3. Sacks may not come because of the drop scheme. Matt Hasselbeck has always been at his best when using three- and five-step drops, and the Titans clearly understand this. Offensive coordinator Chris Palmer has incorporated this aspect of the West Coast philosophy into his system. You'll see a lot of slant routes and quick tosses on Sunday as Hasselbeck favors them and wants to get rid of the ball quickly. This means the Broncos won't have the chance to sack him as often as they would other quarterbacks. This also means the Broncos' defensive linemen should get their hands up quickly. Hasselbeck's passes tend to be low, so they'll need to get a quick push and then thrust their hands into the air.
4. Get ready for the stomp route (double move). These slants are a precursor to stomp routes, in which the wide receiver stomps his feet against the ground to give the appearance of cutting, only to continue straight up the field for a long pass. Kenny Britt and Jared Cook, the amazingly athletic tight end for the Titans, will probably run at least two double moves apiece on Sunday (they did against both the Ravens and Jags). The Broncos' defensive backs should prepare for them and not try and jump routes early in the game. Hasselbeck will see this, pump fake off a three-step drop, and then drop a rainbow over the top of the defender. Kenny Britt is hard enough to cover without biting on pump fakes. The Ravens learned this lesson the hard way last week.
5. The Titans are patient in the running game. I counted fifteen runs up the middle during the time I charted the Titans. Most of these gains were for two yards or less. Unlike the Broncos in previous weeks, though, the Titans keep pounding the ball. They're also not afraid to run on 1st and 10, get zero yards, then turn right around and run again for just a few yards. They know that Chris Johnson can continue to feel his way through the middle of the defense carry after carry until he breaks a long one. This means the Broncos need to stay disciplined all game long. One mental lapse or missed gap assignment can prove deadly against a patient running team like the Titans.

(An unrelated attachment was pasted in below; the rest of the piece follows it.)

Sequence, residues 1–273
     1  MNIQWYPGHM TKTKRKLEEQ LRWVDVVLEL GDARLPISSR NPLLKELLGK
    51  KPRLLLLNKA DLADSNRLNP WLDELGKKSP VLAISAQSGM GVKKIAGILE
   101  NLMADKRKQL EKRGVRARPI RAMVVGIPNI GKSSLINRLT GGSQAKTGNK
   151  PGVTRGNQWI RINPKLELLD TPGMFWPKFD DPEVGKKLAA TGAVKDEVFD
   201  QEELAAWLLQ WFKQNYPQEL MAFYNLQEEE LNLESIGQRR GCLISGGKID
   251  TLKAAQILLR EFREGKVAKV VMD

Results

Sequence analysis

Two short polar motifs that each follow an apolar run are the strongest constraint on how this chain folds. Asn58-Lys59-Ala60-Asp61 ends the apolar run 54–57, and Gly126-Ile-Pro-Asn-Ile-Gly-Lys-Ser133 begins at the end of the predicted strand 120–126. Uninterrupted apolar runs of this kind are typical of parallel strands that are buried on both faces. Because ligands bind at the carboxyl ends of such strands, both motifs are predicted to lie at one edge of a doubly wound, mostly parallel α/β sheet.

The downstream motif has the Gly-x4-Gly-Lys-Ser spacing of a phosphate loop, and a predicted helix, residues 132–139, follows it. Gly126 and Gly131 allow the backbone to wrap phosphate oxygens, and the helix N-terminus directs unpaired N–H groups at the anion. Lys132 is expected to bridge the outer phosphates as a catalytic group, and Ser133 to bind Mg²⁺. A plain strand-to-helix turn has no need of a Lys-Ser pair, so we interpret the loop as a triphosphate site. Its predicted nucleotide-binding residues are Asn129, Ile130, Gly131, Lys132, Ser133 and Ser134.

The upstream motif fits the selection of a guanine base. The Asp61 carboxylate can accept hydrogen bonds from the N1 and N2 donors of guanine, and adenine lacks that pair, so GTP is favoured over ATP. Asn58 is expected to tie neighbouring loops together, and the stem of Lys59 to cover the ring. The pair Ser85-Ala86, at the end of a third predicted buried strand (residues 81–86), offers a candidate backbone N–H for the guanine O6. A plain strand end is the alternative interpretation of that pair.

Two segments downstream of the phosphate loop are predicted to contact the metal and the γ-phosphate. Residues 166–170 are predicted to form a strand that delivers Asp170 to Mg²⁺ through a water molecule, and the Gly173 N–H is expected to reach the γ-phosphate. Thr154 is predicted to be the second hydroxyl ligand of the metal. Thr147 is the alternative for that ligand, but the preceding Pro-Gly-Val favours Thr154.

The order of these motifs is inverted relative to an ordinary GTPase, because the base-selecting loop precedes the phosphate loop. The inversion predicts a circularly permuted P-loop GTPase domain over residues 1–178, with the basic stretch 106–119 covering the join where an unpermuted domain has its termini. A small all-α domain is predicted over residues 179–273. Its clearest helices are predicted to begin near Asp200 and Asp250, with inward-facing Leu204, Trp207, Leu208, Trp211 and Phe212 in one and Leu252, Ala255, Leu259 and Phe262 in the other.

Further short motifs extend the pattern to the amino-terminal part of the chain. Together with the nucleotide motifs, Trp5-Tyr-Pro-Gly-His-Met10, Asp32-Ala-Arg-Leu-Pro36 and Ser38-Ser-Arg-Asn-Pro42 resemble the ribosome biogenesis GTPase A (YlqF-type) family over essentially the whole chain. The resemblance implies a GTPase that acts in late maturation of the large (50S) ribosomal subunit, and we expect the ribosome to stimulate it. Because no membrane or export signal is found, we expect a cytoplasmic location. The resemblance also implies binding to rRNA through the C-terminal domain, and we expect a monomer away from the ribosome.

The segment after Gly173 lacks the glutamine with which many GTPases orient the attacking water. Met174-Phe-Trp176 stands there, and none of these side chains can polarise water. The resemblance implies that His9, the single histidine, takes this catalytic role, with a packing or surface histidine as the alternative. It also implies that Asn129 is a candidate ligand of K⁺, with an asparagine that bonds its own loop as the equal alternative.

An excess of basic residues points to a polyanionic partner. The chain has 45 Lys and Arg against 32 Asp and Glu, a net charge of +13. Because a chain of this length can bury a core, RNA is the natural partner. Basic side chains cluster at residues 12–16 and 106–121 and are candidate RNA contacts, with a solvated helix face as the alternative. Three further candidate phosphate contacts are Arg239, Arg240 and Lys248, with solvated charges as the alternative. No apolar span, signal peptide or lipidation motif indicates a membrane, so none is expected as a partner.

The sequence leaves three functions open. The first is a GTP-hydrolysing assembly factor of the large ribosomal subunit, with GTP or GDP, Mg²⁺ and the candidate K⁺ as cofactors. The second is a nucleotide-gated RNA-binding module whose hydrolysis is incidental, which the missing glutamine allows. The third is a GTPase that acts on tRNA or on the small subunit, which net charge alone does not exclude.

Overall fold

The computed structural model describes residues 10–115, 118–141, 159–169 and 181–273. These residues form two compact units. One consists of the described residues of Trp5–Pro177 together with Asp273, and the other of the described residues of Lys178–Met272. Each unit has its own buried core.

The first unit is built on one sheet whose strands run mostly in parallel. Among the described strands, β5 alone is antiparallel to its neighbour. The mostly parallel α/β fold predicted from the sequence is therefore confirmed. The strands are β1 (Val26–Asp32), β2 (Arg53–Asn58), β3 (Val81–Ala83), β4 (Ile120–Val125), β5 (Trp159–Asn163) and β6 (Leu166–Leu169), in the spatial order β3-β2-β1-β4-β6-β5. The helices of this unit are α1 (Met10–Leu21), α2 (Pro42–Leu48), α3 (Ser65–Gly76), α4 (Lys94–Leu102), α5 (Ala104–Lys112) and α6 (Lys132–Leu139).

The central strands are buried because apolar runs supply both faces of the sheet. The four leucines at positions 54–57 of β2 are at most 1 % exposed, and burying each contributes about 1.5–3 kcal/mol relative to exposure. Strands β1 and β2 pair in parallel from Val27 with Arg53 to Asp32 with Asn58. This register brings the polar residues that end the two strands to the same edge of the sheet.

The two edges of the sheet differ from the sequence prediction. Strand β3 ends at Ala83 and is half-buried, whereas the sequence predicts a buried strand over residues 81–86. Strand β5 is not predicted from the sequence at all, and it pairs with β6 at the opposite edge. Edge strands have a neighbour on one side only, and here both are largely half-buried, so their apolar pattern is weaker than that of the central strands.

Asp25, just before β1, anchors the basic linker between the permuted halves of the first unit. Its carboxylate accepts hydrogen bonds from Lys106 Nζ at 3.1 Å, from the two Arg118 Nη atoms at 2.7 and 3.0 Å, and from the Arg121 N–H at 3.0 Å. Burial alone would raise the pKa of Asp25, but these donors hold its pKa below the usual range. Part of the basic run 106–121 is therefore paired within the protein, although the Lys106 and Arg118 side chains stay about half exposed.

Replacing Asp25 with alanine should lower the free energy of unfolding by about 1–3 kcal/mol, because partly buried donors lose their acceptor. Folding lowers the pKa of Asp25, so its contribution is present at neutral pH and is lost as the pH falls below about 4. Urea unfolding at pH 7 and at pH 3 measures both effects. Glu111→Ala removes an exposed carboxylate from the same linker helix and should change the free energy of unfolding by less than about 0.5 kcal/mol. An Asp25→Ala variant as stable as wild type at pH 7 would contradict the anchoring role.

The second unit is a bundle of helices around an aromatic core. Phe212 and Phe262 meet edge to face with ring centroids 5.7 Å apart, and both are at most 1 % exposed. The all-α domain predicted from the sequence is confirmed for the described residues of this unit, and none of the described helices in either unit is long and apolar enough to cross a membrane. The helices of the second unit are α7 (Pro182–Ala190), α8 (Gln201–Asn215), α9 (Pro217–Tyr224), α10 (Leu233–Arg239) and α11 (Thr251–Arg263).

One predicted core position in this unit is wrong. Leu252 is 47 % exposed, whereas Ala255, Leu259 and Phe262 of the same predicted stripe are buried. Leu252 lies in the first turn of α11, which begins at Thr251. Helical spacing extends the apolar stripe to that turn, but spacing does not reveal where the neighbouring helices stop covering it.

6. Watch the backs as receivers. There's a reason why Chris Johnson, despite being a little banged up, already has nine receptions on the season. Hasselback loves to use him as a check down, especially when the the Titans pass out of the Ace formation. This means Wesley Woodyard or D.J. Williams (if he plays) will need to come to work. I should also note that if you see the Titans in the Shotgun featuring max protection with the tight end as one of the backs (usually Jared Cook), he's heading to the flat. Von Miller should (and will) key on this, I'm quite sure.
7. If you see the wishbone, think sweep. The Titans didn't use the wishbone often, but when they did, they ran a sweep each time. If the Broncos see this look, their ends should play a wide technique to drive the play back to the inside.
The Bottom Line
I wasn't as impressed as the media pundits with the Titans' win over the Ravens. They really didn't physically outmatch the Ravens. They got some turnovers and some big plays over the top of the Ravens' defense and up the seam. Hasselbeck also played out of his mind, a performance which I don't think he'll repeat.
The Broncos have improved against the run with their one-gap system. Jason Hunter, Robert Ayers, Joe Mays, and Brodrick Bunkley are good enough to stop this running game. If I were the Broncos, I'd play the 4-3 Over defense, in which there are three linebackers off the line of scrimmage. I'd also play a ton of Cover 2 with zone coverage underneath since the Titans don't run a lot of intermediate or deep routes over the middle of the field. This way, the Broncos won't give up big plays with Champ Bailey likely out. In addition, it will allow the Broncos' linebackers easier access to the flats. These drops would help clog the quick slant routes and also allow more defenders to flow to the quick tosses the Titans will try from time to time.
Easier said than done, but I don't see the Broncos giving up a lot of points to the Titans. It will once again come down to the Broncos' offense and how productive they can be.
TJ Johnson can be reached through telegraph, ESP, Spanish interpretor, or via email: firstname.lastname@example.org. Follow him on Facebook and Twitter if you want to see him mock "the man." He assumes you are following It’s All Over Fat Man on Facebook and Twitter, but if not, you're a nihilist, man.